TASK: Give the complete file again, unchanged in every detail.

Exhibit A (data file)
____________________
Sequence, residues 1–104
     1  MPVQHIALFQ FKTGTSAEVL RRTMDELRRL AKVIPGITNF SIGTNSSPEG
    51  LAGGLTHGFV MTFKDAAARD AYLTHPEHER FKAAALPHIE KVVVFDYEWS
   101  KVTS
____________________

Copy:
Sequence, residues 1–104
     1  MPVQHIALFQ FKTGTSAEVL RRTMDELRRL AKVIPGITNF SIGTNSSPEG
    51  LAGGLTHGFV MTFKDAAARD AYLTHPEHER FKAAALPHIE KVVVFDYEWS
   101  KVTS